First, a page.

The reason that I mention all the above is to show you that a little creative thinking can bring you a variety of images within a very small space. Change your lighting setup, change the weather and change your lens and you can make dramatically different photos. Some of you might be thinking that I’m only getting these images because I’m using a relatively expensive flash system like the Elinchom one but you’d be wrong. The principles that I’ll discuss in this article are applicable to all larger strobes, and there are many that are less expensive than the Ranger.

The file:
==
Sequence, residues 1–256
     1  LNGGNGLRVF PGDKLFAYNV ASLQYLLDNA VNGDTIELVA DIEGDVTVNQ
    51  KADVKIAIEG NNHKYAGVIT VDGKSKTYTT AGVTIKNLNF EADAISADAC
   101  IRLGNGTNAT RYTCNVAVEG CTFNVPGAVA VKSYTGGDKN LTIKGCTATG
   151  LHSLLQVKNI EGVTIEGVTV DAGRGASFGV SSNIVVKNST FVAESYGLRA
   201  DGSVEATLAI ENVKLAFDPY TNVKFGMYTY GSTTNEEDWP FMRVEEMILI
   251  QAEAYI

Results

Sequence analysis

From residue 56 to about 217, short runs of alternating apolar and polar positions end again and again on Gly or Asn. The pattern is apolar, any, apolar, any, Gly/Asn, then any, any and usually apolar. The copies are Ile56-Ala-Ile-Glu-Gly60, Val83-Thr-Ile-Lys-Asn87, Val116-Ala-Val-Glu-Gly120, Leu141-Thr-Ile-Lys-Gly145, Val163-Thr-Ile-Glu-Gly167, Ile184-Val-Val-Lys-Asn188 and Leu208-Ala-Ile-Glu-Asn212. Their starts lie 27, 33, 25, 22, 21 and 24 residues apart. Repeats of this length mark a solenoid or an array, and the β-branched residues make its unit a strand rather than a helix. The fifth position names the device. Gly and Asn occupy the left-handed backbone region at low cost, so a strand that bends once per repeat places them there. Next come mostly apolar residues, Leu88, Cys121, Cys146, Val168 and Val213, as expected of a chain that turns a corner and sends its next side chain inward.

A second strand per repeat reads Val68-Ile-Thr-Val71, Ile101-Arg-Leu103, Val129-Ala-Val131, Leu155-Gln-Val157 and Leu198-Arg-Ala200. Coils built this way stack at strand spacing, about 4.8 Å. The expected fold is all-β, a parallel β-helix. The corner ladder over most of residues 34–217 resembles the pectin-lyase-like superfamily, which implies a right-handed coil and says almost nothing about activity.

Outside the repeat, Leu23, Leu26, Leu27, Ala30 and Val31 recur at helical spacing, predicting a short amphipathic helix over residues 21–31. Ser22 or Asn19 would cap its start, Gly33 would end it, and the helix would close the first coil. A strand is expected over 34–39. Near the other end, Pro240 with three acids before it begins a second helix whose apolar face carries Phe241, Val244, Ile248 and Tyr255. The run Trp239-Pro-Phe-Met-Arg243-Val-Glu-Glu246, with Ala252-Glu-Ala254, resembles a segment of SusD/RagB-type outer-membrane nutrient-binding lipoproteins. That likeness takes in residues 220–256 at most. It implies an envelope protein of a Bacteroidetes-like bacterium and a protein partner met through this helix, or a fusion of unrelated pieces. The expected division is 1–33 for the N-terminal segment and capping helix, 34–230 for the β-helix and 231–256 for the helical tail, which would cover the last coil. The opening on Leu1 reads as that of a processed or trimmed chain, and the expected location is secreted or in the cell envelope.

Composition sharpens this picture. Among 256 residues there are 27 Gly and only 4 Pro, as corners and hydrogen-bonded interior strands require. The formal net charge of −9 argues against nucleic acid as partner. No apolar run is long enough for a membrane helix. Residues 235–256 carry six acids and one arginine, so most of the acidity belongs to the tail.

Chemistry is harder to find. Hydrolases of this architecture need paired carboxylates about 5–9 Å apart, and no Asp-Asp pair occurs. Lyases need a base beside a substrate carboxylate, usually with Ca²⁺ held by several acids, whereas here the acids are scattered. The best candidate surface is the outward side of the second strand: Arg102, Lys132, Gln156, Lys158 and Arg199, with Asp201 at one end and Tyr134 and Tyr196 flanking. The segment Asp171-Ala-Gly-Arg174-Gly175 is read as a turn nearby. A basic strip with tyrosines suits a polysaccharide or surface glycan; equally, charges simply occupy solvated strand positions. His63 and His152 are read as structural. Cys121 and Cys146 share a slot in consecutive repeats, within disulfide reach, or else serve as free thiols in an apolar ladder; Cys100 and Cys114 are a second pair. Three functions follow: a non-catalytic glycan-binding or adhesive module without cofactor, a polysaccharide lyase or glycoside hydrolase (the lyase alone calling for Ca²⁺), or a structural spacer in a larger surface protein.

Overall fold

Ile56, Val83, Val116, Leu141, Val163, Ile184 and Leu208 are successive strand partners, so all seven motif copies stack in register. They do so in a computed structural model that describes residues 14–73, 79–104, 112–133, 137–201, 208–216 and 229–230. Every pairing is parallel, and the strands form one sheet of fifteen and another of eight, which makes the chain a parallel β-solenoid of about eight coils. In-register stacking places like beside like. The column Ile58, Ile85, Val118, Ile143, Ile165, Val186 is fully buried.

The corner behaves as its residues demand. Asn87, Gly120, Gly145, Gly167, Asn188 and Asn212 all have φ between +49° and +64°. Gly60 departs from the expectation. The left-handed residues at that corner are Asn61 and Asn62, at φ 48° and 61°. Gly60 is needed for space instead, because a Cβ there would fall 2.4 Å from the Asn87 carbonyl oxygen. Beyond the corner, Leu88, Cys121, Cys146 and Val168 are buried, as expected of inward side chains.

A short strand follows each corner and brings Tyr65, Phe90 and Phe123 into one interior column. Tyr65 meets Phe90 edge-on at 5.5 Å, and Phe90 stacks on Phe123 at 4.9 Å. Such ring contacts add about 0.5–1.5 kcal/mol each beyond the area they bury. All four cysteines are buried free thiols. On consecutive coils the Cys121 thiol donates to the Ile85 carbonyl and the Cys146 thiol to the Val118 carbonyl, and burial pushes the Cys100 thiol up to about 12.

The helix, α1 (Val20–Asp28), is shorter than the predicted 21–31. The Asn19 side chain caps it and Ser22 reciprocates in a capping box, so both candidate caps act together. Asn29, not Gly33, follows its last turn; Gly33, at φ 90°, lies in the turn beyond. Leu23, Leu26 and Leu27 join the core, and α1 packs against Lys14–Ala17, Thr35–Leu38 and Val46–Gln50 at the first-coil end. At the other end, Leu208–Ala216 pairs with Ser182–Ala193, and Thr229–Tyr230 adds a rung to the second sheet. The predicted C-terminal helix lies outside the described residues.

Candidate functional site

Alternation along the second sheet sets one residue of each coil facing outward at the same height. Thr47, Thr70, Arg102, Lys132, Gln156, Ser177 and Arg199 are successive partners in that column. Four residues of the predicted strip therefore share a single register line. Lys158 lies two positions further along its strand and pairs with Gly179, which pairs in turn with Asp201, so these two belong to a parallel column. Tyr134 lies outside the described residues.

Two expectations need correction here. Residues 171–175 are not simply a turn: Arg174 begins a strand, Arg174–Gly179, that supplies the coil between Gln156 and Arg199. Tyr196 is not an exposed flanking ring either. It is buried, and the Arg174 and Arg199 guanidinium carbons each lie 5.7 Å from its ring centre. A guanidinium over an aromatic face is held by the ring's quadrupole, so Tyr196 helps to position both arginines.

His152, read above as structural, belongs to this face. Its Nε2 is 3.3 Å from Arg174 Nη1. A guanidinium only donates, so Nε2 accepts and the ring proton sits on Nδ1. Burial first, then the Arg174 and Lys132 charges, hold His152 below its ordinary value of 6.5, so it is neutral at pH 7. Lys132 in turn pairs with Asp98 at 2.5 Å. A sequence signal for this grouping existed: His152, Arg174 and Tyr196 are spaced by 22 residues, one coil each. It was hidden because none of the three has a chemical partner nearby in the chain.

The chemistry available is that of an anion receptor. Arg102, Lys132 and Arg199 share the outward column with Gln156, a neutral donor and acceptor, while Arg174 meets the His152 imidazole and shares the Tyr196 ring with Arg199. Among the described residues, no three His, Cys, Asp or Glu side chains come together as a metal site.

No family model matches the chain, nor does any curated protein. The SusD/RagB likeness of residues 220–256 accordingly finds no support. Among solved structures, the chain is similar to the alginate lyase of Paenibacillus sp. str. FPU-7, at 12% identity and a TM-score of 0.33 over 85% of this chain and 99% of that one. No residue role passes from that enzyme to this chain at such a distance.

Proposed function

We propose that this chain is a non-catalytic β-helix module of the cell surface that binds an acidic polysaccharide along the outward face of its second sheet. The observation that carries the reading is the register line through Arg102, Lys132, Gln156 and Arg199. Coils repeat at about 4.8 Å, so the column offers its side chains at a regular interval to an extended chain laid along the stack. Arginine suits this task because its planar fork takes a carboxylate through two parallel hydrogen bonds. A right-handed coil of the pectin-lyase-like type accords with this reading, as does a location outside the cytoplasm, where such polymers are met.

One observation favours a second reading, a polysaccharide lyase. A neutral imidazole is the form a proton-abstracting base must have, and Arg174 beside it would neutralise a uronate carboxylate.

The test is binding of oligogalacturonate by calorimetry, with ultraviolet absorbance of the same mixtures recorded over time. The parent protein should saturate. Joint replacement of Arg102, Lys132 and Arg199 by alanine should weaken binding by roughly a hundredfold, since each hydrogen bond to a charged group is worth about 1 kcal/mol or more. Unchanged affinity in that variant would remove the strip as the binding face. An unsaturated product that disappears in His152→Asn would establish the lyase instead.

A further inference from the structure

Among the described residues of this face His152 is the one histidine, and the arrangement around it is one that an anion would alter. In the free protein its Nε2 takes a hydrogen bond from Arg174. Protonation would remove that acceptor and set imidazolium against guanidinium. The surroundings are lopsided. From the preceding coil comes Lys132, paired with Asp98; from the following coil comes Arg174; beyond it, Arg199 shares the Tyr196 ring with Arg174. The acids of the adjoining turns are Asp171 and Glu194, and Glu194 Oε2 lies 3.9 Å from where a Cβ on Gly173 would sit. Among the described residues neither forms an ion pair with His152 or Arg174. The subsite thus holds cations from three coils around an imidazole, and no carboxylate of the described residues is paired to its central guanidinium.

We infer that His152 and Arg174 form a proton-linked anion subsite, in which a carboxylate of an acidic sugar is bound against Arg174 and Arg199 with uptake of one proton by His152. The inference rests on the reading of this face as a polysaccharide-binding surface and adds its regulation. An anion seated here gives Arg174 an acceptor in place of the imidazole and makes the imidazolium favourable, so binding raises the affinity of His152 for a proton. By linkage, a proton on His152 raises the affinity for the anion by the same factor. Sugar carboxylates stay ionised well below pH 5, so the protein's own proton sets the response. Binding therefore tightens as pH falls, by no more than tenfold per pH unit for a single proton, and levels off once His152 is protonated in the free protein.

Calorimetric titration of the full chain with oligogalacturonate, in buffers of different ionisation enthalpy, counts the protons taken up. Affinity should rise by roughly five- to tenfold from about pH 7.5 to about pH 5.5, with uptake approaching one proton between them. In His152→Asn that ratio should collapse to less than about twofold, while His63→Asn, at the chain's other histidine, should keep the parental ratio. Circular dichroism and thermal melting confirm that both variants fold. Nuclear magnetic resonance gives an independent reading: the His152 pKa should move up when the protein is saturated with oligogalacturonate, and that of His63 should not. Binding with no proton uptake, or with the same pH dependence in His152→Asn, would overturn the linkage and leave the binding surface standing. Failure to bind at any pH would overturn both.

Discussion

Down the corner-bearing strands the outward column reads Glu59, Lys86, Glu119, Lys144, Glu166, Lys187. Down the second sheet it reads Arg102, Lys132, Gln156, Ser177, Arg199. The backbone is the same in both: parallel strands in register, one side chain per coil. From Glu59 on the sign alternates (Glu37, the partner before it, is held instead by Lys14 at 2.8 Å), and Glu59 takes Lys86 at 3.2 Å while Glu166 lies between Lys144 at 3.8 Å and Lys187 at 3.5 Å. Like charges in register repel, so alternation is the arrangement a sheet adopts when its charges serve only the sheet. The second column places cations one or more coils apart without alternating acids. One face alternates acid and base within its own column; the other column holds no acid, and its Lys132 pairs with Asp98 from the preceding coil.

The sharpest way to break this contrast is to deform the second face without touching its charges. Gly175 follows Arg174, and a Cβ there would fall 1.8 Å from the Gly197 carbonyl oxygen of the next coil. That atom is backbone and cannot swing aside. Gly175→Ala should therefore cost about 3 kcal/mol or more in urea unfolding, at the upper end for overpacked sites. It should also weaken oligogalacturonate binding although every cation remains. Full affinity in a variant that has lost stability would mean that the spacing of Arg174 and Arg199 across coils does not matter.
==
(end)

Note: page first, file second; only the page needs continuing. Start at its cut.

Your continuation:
One thing I would say though is that if you’re looking to do this kind of work then you should ditch the Canon and Nikon speedlights. They contain all sorts of useless electronics that you just don’t need. They are underpowered and often overpriced. The principles are the same, so if you’re using speedlights then you can certainly get started, but in the long-term you’ll be far better off with a battery-powered ‘studio’ style strobe.